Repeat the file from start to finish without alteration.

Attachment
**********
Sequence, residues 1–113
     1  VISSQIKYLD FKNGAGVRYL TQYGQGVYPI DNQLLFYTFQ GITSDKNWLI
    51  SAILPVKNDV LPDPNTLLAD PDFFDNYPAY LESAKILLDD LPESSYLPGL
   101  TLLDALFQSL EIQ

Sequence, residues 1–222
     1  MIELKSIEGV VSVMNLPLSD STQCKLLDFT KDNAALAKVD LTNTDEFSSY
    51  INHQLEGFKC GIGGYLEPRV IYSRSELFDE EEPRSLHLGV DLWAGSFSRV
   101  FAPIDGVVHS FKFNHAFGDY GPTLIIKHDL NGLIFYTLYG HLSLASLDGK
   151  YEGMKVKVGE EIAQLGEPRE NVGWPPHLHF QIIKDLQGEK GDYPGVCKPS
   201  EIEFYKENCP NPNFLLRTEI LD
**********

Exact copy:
Sequence, residues 1–113
     1  VISSQIKYLD FKNGAGVRYL TQYGQGVYPI DNQLLFYTFQ GITSDKNWLI
    51  SAILPVKNDV LPDPNTLLAD PDFFDNYPAY LESAKILLDD LPESSYLPGL
   101  TLLDALFQSL EIQ

Sequence, residues 1–222
     1  MIELKSIEGV VSVMNLPLSD STQCKLLDFT KDNAALAKVD LTNTDEFSSY
    51  INHQLEGFKC GIGGYLEPRV IYSRSELFDE EEPRSLHLGV DLWAGSFSRV
   101  FAPIDGVVHS FKFNHAFGDY GPTLIIKHDL NGLIFYTLYG HLSLASLDGK
   151  YEGMKVKVGE EIAQLGEPRE NVGWPPHLHF QIIKDLQGEK GDYPGVCKPS
   201  EIEFYKENCP NPNFLLRTEI LD